MARC: I have to tell you a story. I was sending an e-mail to Kim Gordon one night. Well, 53 minutes into this very, very short e-mail — because it took me that long to hunt and peck all the letters out — it was gone. So I just picked up the phone and called her, and I don't think I've sent an e-mail since.
MARY: You're surrounded by women like Sofia Coppola and Kim Gordon, who have such great style. Do they serve as muses in any way?
MARC: I think of many people and no one as a muse. I love the way Sofia looks always, and I love the way Kim looks always. Fashion may be part of their world, but it's not their whole life. It's not everything. Sofia is so active, and she made The Virgin Suicides, which I thought was great ... all these things are inspiring to me, not in terms of creating a particular dress, but just in terms of knowing that there is this type of woman out there.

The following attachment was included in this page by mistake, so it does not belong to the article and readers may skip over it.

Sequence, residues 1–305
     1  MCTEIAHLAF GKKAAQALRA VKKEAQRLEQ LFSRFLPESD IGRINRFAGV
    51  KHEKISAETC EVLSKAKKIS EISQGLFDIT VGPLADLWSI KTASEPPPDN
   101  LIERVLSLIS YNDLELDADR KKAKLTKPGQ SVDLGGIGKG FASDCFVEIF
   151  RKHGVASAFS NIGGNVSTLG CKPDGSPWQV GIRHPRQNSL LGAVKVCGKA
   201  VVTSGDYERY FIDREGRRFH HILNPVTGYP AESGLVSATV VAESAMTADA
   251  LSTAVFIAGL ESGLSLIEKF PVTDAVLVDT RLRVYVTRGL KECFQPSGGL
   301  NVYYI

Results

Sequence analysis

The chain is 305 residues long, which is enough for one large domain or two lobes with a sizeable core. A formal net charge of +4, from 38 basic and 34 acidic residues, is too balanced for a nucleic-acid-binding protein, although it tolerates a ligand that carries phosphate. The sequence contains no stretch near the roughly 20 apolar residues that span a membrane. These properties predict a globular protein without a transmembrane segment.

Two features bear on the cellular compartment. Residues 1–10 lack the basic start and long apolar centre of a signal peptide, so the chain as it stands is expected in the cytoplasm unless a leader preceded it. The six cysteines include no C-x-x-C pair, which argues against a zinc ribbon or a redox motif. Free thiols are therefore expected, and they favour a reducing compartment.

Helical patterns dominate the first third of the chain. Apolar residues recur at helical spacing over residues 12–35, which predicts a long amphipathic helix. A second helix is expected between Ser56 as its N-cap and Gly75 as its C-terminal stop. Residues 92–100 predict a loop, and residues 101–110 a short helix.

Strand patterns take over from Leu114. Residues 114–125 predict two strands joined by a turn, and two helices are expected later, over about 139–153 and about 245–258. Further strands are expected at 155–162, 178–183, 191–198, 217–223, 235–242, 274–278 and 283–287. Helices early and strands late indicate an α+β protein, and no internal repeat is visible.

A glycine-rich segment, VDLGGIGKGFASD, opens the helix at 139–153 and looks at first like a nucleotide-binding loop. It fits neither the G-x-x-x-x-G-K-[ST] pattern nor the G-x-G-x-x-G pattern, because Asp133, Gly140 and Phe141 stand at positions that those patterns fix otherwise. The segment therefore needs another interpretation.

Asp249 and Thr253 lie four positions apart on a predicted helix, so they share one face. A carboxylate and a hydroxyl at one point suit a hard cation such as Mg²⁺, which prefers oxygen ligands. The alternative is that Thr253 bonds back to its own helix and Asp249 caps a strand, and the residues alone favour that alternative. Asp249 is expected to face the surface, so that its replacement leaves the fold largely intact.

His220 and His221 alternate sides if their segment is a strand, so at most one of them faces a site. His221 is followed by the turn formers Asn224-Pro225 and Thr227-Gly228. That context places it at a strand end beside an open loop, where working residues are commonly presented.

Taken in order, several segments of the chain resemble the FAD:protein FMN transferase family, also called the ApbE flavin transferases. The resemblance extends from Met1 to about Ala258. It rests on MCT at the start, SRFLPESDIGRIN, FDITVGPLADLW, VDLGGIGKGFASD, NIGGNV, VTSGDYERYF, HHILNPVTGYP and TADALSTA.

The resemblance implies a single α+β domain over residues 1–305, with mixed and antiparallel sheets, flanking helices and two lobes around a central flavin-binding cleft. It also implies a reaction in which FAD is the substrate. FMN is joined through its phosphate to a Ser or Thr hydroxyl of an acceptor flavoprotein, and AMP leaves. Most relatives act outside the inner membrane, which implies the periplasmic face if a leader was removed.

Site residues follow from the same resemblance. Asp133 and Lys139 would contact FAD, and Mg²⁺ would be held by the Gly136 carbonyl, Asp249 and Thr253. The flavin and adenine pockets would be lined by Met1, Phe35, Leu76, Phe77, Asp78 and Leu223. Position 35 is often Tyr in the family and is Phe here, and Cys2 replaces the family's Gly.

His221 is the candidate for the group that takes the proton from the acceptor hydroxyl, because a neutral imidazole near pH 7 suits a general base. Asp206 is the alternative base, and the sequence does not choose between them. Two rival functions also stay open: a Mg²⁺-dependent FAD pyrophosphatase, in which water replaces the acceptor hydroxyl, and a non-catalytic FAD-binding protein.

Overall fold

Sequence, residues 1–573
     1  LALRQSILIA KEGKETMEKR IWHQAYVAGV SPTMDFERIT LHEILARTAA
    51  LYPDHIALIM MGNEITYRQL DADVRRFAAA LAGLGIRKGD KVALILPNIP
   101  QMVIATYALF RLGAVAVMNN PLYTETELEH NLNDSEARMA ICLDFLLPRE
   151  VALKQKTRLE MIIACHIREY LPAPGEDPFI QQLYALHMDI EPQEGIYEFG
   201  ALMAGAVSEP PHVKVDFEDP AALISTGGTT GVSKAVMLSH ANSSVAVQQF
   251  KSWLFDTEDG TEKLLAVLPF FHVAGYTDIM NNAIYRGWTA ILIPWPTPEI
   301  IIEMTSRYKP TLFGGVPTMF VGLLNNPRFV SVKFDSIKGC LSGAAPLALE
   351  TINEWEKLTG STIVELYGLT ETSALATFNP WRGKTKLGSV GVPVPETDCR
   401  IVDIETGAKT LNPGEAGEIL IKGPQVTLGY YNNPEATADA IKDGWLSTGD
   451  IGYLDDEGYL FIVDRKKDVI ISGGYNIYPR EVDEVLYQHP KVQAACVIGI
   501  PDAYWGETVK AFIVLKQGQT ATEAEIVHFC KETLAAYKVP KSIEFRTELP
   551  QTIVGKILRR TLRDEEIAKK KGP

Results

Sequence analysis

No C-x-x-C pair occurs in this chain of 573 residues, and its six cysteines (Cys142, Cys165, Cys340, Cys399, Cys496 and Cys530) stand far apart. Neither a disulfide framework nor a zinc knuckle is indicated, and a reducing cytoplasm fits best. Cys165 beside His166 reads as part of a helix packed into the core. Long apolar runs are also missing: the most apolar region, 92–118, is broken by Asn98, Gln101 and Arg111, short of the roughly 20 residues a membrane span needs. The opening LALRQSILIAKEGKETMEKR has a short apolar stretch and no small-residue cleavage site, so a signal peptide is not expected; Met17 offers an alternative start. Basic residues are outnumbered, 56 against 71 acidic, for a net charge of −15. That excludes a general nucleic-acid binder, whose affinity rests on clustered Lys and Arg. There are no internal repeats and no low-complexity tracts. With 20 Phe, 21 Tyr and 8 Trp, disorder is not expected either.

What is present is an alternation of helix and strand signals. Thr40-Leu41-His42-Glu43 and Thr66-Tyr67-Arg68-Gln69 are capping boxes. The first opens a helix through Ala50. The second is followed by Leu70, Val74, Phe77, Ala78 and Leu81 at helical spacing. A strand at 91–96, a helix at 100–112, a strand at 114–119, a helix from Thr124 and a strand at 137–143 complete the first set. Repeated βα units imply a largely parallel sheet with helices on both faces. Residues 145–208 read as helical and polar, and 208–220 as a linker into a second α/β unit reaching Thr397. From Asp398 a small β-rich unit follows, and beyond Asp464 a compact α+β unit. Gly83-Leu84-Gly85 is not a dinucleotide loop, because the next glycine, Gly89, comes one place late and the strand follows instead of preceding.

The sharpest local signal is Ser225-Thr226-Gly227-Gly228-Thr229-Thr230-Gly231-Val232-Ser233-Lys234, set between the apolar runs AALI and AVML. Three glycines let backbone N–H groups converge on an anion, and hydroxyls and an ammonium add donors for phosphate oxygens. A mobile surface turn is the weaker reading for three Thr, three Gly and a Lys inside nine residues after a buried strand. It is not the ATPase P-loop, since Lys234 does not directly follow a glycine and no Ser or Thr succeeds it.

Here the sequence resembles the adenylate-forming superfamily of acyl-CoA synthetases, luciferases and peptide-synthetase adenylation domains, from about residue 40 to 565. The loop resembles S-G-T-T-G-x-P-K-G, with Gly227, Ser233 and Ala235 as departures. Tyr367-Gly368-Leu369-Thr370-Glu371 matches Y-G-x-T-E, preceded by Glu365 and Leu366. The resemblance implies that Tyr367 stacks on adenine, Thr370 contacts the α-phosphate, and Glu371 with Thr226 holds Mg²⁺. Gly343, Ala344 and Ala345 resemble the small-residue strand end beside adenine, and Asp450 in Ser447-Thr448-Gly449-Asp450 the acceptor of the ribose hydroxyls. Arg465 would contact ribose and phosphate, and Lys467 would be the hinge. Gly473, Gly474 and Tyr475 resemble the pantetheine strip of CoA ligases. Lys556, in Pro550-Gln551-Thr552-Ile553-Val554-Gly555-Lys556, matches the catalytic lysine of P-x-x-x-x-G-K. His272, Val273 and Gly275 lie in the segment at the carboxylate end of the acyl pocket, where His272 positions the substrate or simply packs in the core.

MARY: Who's your perfect customer?
MARC: I'd like to believe that the women who wear my clothes are not dressing for other people, that they're wearing what they like and what suits them. It's not a status thing.
MARY: Is there anyone who you'd like to dress?
MARC: I don't think, "Gee, I'd like to dress this person." There was a picture in Us magazine, or maybe Glamour ... it was a jersey dress, and Courtney Love was wearing it. I have this thing about Courtney Love, this funny worship. But anyway ...
MARY: Is she a friend?